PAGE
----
Net Neutrality is on death row. With a 3 to 2 vote all but certain don’t expect a call from the governor saving the Obama administration’s utility style approach to broadband. Chairman of the Federal Communications Commission Ajit Pai’s push for change has set the internet on fire with frightening soundbites being tossed like political hand grenades.
The end of the internet as we know it?
“The end of the internet as we know it, a return to the dark ages,” along with some not fit for print, streak across social media websites creating a firestorm of debate. Like most things in life the truth rarely lives on the extremes so let’s examine what’s going on and why you should care.
The modern day internet owes its early origins to scientists’ and laboratories’ development of a wide area network in the 1950s and later the Defense Department who contracted to build out Arpanet. Today, those efforts have morphed into what is arguably the most dynamic communications platform ever known to man. It sits at the center of our universe socially, economically and, yes, politically.
Some of the largest Fortune 500 companies like Netflix and Amazon owe their very existence to this technology so it shouldn’t be surprising that the powerful would lobby to protect their turf and if possible manipulate the system — maybe saving money along the way.
Classified as an information service, the internet saw staggering growth as government gave it a light regulatory touch. While spawned inside a lab, the cutting edge infrastructure needed to build it out came through the innovative entrepreneurial spirit of risk-takers willing to commit at-risk capital for the opportunity of profit somewhere down the road.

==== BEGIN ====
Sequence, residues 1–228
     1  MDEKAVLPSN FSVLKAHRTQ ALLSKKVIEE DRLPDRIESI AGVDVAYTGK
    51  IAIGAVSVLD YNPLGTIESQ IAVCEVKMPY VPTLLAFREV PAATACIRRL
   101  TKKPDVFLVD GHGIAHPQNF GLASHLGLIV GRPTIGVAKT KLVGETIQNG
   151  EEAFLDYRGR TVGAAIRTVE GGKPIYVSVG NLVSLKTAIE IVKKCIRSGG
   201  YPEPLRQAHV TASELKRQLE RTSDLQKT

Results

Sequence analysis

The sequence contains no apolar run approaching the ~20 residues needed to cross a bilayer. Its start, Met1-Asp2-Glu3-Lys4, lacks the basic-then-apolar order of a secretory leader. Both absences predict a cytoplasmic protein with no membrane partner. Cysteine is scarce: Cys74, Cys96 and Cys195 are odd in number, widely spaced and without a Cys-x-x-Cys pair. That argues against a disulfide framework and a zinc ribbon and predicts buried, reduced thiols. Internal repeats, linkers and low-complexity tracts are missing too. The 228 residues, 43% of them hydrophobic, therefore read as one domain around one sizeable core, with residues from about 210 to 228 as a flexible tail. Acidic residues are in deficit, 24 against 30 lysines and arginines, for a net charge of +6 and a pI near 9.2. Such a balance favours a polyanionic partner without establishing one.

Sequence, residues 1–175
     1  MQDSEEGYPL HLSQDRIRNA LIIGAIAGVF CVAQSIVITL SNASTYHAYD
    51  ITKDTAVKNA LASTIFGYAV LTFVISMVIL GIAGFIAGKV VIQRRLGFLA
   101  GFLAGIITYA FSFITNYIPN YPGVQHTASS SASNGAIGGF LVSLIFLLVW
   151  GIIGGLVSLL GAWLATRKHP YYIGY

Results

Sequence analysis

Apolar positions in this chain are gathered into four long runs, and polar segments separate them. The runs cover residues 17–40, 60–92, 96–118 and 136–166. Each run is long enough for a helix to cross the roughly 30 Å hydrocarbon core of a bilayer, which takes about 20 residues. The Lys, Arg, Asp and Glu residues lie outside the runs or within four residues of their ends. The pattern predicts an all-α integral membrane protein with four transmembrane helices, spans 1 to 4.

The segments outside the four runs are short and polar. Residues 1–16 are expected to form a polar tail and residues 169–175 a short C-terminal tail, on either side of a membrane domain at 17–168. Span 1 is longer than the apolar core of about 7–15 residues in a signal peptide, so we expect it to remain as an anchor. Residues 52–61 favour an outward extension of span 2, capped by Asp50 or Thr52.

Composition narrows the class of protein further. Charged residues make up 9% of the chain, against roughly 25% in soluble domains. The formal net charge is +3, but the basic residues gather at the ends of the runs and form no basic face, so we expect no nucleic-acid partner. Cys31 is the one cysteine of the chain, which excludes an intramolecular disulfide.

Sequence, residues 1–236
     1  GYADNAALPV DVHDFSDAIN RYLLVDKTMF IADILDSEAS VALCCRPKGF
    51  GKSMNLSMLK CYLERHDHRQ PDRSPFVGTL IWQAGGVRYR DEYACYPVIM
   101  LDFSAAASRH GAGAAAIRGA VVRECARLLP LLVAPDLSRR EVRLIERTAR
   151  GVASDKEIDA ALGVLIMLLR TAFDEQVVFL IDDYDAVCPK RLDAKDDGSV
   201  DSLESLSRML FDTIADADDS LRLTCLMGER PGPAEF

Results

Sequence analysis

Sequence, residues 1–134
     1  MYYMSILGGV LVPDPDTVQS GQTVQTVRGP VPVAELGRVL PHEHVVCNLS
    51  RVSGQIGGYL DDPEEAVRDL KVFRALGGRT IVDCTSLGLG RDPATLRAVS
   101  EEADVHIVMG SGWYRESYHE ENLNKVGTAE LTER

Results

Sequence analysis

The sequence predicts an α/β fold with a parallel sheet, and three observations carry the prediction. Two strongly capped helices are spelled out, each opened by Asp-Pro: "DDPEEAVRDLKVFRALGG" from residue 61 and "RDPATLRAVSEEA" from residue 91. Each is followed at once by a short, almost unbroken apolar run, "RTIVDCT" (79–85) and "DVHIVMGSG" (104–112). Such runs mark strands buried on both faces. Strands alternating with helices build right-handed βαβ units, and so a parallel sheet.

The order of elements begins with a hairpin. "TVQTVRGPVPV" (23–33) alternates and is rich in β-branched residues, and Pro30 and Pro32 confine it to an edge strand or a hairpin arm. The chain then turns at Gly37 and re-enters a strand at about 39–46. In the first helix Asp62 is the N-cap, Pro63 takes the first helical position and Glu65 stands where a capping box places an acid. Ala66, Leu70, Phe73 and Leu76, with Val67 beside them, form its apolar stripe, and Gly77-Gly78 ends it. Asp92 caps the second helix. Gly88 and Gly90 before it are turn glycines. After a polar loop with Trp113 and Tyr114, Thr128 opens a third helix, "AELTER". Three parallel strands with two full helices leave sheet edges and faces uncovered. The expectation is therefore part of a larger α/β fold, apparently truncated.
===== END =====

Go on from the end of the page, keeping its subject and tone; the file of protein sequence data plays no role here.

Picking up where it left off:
Turning the internet into a regulated utility
In 2015 the FCC under then-President Obama launched Net Neutrality putting broadband under the same Title II regulatory framework as telephone companies a century earlier. In an open letter that year President Obama wrote; “Today’s FCC decision will protect innovation and create a level playing field for the next generation of entrepreneurs…”
The word innovation doesn’t often come to mind when you’re talking about a regulated utility which is just what the government wanted to achieve with the FCC decision. Leading up to that decision and perhaps influencing its outcome were calls from internet giant Netflix that service suppliers like AT&T and Verizon were throttling delivery of content. (Editor’s note: Verizon owns Yahoo Finance.)
As it turns out, Netflix’s claims from that period may have been fraudulent and self-serving. In 2014 Fred Campbell former head of the Wireless Telecommunications Bureau to the FCC and adjunct professor in the Space, Cyber and Telecommunications Law program at the Nebraska College of Law challenged the streaming behemoth.
In a detailed series of articles he took you through the process on how Netflix deliberately let their service degrade switching to settlement-free routes letting congestion build rather than continuing to use CDNs with paid transit arrangements. I reached out recently to Mr. Campbell to confirm and was told Verizon did nothing to slow down service. This was about Netflix trying to save money and influence lawmakers hoping a change in the regulatory framework would enhance profits.